Want to call Africa for free? VOIP is the answer!
Since the launch of Voice of Internet Protocol (VoIP), long distance phone calls have been made possible with the peace of mind that you can stay close to friends and family without creating massive phone bills. Contacting family members on the other side of the world used to cost a fortune but great strides have been made in the world of VoIP technology to make things so much more cost effective.
What are VoIP services?
VoIP stands for Voice over Internet Protocol and although it may sound like a confusing term it really isn’t. The technology was discovered when communication companies sought to use the power of the internet to help reduce call costs and improve call quality. They quickly realised that the signals used to send data over the internet to all parts of the globe could easily carry the same digital signal as communication networks, such as phone cables and satellites.
In short, they could transmit your voice over the Internet; hence VoIP.
Some of the most popular VoIP services are provided by companies like Sipgate, VoipBuster and Skype and they use the VoIP technology to provide both audio and video services. If the caller and the recipient of the call are both connected directly to the Internet, then the VoIP service is more often than not free of charge.
Initially, this technology was solely available from PC to PC, using webcams and microphones to collect the video and audio and transmit them to the other user. However, the market for smartphones developed rapidly and became dependent on a regular internet connection, so it became increasingly apparent that smartphone users could also access these VoIP services.
Subsequently, smartphone developers and communications companies developed a countless apps to take advantage of this niche and we are now left to explore a wide range of services like Skype, Fring, Viber and many more.
How have VoIP services developed?
One of the most enduring qualities of the internet is its flexibility and it quickly became apparent to many of the more imaginative VoIP providers that there were glaring possibilities here. While offering cheap PC-to-PC or Mobile-to-Mobile calls via the internet was one thing, surely there was scope for offering a cross platform service too?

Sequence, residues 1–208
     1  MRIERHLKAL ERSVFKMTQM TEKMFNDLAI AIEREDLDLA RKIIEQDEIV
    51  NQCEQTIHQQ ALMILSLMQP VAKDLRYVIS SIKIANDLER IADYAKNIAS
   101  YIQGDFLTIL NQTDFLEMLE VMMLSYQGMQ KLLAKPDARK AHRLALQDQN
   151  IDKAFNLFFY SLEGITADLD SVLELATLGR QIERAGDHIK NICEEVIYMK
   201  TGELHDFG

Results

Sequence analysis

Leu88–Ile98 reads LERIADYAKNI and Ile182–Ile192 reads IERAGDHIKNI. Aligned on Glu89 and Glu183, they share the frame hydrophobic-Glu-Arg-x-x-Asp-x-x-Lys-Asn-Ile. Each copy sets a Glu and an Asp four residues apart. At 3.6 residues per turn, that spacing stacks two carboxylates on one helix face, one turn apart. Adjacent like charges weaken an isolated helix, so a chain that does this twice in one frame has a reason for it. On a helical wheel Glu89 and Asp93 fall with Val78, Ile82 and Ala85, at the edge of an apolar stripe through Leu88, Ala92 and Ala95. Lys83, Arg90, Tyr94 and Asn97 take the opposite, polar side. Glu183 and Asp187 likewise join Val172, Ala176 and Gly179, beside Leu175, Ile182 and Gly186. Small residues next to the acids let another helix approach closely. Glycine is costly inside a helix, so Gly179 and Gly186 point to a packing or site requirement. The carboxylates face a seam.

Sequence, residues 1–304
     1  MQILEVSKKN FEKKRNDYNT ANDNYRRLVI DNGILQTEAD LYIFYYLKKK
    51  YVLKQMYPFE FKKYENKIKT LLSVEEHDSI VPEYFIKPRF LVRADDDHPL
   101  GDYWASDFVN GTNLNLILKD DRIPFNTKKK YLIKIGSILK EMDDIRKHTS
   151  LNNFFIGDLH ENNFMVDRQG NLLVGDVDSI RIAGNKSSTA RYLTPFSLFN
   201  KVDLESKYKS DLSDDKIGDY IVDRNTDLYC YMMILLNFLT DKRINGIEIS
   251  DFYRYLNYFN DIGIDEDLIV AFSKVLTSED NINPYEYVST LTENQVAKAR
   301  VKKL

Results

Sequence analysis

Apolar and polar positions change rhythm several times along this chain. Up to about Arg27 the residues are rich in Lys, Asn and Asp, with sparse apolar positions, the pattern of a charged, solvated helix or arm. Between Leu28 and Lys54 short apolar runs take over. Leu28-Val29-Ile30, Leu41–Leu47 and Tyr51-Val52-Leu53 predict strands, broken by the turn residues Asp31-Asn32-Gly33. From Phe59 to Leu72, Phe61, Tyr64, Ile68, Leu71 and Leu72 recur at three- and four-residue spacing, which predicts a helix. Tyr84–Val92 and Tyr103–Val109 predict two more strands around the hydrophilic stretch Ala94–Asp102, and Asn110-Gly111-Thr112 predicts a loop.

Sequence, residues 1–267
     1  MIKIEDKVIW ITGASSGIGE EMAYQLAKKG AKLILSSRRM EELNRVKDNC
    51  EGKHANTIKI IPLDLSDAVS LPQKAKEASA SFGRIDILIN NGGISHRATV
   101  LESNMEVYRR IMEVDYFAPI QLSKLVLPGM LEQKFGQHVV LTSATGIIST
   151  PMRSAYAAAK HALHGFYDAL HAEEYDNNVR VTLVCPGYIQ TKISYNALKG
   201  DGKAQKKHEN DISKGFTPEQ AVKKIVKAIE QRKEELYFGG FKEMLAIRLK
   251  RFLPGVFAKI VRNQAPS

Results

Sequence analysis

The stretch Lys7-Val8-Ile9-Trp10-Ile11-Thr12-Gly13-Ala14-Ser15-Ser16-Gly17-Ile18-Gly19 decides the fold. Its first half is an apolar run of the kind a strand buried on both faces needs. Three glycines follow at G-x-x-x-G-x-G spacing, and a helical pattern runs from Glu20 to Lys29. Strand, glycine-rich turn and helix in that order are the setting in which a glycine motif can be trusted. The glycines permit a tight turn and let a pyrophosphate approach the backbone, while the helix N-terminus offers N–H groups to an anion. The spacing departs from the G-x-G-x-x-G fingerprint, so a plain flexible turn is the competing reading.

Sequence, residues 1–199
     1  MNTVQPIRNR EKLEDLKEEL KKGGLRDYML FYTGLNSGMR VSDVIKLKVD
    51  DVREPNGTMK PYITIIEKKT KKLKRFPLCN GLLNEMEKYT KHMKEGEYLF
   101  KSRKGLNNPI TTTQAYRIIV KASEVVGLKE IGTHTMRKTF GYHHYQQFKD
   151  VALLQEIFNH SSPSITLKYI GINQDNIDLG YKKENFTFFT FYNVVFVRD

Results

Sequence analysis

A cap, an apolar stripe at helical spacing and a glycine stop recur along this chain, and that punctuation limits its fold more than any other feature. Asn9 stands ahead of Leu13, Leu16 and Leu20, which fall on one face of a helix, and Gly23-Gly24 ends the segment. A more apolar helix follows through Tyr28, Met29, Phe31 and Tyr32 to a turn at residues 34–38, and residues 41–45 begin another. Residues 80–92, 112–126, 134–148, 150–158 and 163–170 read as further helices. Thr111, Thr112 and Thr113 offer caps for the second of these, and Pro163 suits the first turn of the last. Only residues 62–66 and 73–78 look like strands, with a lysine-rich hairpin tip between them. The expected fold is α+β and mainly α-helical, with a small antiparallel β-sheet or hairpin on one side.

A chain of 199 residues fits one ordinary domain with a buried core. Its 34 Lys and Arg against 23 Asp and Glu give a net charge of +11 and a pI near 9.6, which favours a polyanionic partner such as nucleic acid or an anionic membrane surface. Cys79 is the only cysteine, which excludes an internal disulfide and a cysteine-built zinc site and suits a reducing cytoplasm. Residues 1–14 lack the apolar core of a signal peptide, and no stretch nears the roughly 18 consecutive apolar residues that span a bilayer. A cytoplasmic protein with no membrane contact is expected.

Companies like Rebtel have led the way in developing software which is now able to connect a user via a tablet or smartphone, to another user who may be on an entirely different tablet, smartphone or even landline, thus developing further from simple VoIP technology.
Why do some VoIP services have charges when others do not?
If using a VoIP service like Skype, it is possible to make free calls to other users of Skype. This works the same for many other VoIP providers (provided you have a ‘free’ Internet connection and won’t be charged for data usage by your smartphone network provider). But what about when you need to make a call to someone who is not using the same service? Many companies now offer a solution, with varying price structures – since you are leaving the internet to reach a landline or mobile/cell phone then you will be charged for the part of the call that does not use the internet to transmit the data.
Rebtel are one of the cheapest providers here and offer an easy to use service with excellent call quality reported from its users. So even if you do have to pay a charge for a non-VoIP call, you are still only charged for the local connection in the country you are calling, which keeps call costs much lower than direct dialing internationally from your home phone or mobile.